More Oversight of Large Trucks and Trucking Companies Needed Rather than Less Regulation
The article notes that more people will die this year in accidents involving large trucks, such as tractor trailers and flatbeds, than have been killed in commercial airplane accidents in 45 years.
In 2013, accidents involving 18 wheelers killed 3,964 people and caused an estimated 95,000 people injuries. Closer to home, 112 people were killed in accidents involving large trucks in 2013 in Oklahoma.
Increase in Accidents Involving Large Trucks
The death toll from big trucks nationwide increased 17 percent from 2009 to 2013, the most recent year of complete data, even as car accidents fell three percent. Big trucks are involved in a disproportionate share of fatal traffic accidents. Trucks represent about four percent of registered vehicles on the road, but were involved in nine percent of all fatal accidents in 2013.
Lawmakers in Congress have pressed to allow commercial truck drivers to work longer work weeks by scrapping the requirement that drivers take a two-day rest break each week. They have discouraged the Federal Motor Safety Carrier Administration, which oversees the trucking industry, from investing in wireless technology to monitor drivers and their vehicles. They have signaled openness to allowing longer and heavier trucks, despite widespread public opposition. Congress also supports lowering the minimum age for commercial truck drivers from 21 to 18 years old.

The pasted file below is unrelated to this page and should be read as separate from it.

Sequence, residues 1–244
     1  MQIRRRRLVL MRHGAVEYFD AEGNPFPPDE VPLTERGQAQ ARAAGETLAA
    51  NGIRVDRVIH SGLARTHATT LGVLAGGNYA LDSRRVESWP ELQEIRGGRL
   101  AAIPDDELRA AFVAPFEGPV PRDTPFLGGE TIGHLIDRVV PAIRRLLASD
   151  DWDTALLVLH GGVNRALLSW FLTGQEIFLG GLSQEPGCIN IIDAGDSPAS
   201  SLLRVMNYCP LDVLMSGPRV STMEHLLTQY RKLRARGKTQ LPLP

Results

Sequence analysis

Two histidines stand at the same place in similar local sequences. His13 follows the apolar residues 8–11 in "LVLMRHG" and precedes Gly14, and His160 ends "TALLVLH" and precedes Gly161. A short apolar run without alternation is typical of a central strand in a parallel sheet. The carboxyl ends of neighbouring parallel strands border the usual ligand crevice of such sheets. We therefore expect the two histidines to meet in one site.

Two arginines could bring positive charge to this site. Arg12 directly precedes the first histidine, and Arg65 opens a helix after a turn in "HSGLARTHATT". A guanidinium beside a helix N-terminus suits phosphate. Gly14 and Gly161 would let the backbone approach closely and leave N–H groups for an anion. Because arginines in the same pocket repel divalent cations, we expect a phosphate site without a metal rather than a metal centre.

The findings of the investigation of the 2014 truck accident that injured comedian Tracy Morgan and killed another comedian illustrate why Congress should be moving to tighten its oversight of the truck industry rather than relax the regulations, according to The New York Times.
As outlined in the report on the cause of the crash recently released by the National Transportation Safety Board (NTSB), the truck driver who caused the crash involving Morgan, had been on duty 13 and a half hours. Prior to the start of his driving shift, he had driven 12 hours from his home in Georgia to pick up the truck at a facility Delaware, so he had been awake for 28 consecutive hours at the time of the collision.
The NTSB found that the truck driver had disregarded work-zone warning signs on the New Jersey Turnpike and a drop in the posted speed limit to 45 m.p.h. rather than 65 m.p.h. before the accident. Because of road work activity and traffic, Morgan’s Mercedes van was moving at less than 10 m.p.h. at the time of the collision.
The fatigued truck driver, who was slow to react according to the NTSB, struck the van flipping it on its side. According to the NTSB, if the driver had heeded the work zone warnings and slowed to 45 m.p.h., he should have been able to bring the truck to a stop before crashing.
Many accidents are caused by trucks that are unable to stop in time and collide with a vehicle in front. Technology is available to the manufacturers of heavy trucks to reduce or prevent the impact of rear end collisions. Only about three percent of tractor trailers are equipped with collision avoidance technology, the article stated. The U.S. trucking industry has avoided using safety technologies because of their cost.
Truckers, Trucking Companies Should Be Responsible for Harm They Cause
If you or a family member has been injured in an accident caused by a truck driver anywhere in Oklahoma, talk to a truck accident lawyer experienced at holding trucking companies accountable for the harm they cause.
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